...to stand on the meeting of two eternities, the past and future, which is precisely the present moment; to toe that line. -H D Thoreau

We shall not cease from exploration, and the end of all our exploring will be
to arrive where we started and know the place for the first time. -
T. S. Eliot

15.7.09



















Theater of the mind.
She concluded her magic by ringing up a few quotes from Victor Hugo. Grinning to herself, she rehearsed an abbreviated reenactment of Fontine’s death. Still smiling at the mirrored audience, she shut out the light and exited stage front door. Indeed, she had possessed a bit of this character as a younger woman. The uncertainty of each day. The working really very hard through every single detailed accomplishment that some people take for granted. Toasting bread while getting the pin light to hit her cheek bone correctly. Brushing the bird’s teeth. Zipping up a wind-breaker. Now, she simply skipped to the ending of each life she portrayed. Trying on different finales to get an idea of what felt most natural...

She walked down and around to the corner on Main Street. As she handed a derelict loose change, his cell phone rang from deep within his tattered pocket...

A performance at a Bowery outdoor cafe theater of life in late fall. Coffee steaming into the chilly morning air. A tense tête-à-tête discussion about life on the edge and horrible deaths. The audience is hanging on every word.
Two mongrels tumble across the screen in front of the protagonist and prophet. The miniature terrier is ripping the hair out of the larger wolf, as he has a death grip on the smaller one’s neck. Engrossed in the importance of their own words, our two heroes never glance up at the riot of commotion.
The device obliterates the seriousness of the message. The importance of the words are knocked aside as if being effaced from a huge tablet in the sky.

...Inhabiting strange places reminds me of the winter Clint, Trax and myself were living in the costume shop of the church flipped Acoma Theater. We slept under the huge cutting table. I knew when the third act of Macbeth was about to begin because the swords fell on me, every time.

...A really great opera review might include, “...And as for the cast, none of them offended me greatly.”

...Opening a box, revealing an archival monkey mask of the thinnest open cell foam wrinkled and folded years ago by a perfectionist. The Image of the delicate mask turning to dust as it was being lifted out of it’s nest of wrappings, has never left my mind's eye.

“It dosen’t matter a rats ass if there’s not butts in the seats”

see June 27...

15 comments:

  1. stunningly told...such layers here. off to check the 27th...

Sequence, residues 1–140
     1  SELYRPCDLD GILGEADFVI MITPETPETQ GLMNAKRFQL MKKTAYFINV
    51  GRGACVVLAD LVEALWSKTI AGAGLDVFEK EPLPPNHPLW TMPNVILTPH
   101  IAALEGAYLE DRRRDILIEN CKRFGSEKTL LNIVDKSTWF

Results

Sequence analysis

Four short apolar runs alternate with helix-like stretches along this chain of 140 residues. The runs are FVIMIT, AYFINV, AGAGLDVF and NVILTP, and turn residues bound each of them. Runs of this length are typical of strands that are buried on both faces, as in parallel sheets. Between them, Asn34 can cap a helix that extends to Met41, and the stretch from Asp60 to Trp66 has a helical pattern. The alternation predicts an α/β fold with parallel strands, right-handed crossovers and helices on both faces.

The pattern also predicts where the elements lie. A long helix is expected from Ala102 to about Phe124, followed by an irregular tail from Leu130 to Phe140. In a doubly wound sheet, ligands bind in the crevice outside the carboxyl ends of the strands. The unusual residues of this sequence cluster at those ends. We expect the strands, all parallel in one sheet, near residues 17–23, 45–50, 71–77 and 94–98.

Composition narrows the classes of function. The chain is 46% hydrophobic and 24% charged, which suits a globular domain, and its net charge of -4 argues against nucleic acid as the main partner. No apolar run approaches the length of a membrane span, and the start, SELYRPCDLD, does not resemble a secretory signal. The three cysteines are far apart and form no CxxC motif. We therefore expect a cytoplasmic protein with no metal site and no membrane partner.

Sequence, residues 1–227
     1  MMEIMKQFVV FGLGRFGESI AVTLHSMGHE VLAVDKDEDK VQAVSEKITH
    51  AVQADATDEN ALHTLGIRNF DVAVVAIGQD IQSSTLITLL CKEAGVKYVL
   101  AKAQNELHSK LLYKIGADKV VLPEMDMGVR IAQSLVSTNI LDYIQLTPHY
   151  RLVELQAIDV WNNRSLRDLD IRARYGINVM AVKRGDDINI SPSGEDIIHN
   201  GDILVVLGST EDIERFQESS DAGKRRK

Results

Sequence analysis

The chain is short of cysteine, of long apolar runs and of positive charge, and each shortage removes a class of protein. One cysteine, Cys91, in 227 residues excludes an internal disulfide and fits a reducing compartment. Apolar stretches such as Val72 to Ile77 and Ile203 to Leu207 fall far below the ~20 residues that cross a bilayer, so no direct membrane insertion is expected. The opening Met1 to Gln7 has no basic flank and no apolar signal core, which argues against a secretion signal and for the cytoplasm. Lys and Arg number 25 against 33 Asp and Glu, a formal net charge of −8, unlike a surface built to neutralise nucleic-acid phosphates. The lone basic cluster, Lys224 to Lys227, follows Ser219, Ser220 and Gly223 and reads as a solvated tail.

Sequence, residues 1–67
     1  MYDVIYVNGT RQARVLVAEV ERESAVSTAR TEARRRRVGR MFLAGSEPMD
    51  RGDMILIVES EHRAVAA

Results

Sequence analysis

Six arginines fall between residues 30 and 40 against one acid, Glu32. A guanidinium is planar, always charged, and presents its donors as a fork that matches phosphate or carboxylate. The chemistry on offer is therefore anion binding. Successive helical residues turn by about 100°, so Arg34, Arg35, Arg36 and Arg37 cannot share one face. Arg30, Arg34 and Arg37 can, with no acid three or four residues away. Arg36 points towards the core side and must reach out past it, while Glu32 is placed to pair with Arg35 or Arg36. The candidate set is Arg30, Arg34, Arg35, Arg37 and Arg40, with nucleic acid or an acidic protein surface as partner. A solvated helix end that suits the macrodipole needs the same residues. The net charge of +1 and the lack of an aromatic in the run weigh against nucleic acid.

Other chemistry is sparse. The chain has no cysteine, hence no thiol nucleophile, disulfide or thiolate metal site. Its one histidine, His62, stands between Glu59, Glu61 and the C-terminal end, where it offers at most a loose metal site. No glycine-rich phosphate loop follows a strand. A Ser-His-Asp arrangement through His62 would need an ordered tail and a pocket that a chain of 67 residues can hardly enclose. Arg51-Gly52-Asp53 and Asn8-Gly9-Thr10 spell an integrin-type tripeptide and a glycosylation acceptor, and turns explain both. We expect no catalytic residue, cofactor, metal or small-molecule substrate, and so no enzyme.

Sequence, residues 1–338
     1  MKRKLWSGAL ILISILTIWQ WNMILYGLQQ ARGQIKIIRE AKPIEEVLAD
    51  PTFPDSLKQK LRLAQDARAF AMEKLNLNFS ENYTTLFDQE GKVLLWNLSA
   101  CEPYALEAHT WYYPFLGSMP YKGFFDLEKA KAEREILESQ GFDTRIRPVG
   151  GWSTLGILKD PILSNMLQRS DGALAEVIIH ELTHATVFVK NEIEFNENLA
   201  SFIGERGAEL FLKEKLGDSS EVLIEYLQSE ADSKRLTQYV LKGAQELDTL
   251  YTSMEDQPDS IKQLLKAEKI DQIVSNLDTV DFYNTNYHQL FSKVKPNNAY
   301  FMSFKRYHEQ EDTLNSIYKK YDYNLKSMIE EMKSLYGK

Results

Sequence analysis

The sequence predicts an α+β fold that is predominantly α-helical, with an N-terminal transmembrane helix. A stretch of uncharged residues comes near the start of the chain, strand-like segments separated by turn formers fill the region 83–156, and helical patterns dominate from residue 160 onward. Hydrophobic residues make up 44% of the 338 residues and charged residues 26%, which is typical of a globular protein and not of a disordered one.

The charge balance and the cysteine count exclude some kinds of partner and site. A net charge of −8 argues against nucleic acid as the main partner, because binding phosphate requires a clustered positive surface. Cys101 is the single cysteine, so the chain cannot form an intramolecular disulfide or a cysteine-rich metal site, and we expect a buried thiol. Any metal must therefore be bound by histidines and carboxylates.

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  2. I never quite understand how poor homeless people have cell phones. I can barely pay for mine.

    Great piece. Loved it.

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  3. The visuals here blended well :)

    Take a bow...

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  4. I liked this, I'm an avid people watcher and a few theatrics 'play' out near where i work every day where a table of drunks strut their stuff near the river . . .very animated but nobody watches, just me as I sip my coffee at lunchtime.

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  5. I liked this, I'm an avid people watcher and a few theatrics 'play' out near where i work every day where a table of drunks strut their stuff near the river . . .very animated but nobody watches, just me as I sip my coffee at lunchtime.

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  6. Thanks for all the thoughts...Thanks for coming by, these TT are very fun.
    It is nice hearing from the same folks again...
    Willow, It is strange what we now believe we can not live without!
    Bano, drunk strut stuff -image. I like it.

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  7. "As she handed a derelict loose change, his cell phone rang from deep within his tattered pocket..." and "The Image of the delicate mask turning to dust as it was being lifted out of it’s nest of wrappings, has never left my mind's eye." were both GREAT lines!

    Speaking of Victor Hugo, that second line reminded me of the ending of one of his stories... You know which one! ;-)

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  8. S. Fox, Yes, We see the human condition clearly in Fontine (Fantine), and other Monsieur Hugo characters. My children have the look of horrified, delight as they listen to the broadway 'Les Misérables'.

    Megan, Is that good? Thanks for stopping in!

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  9. I could have stopped to comment on any one of your posts but I am drawn to the word theatre, and mind too. Read this one twice and had the urge to put it in my pocket. I am so happy that you stopped by and said hello. I'll see you again.
    Catherine

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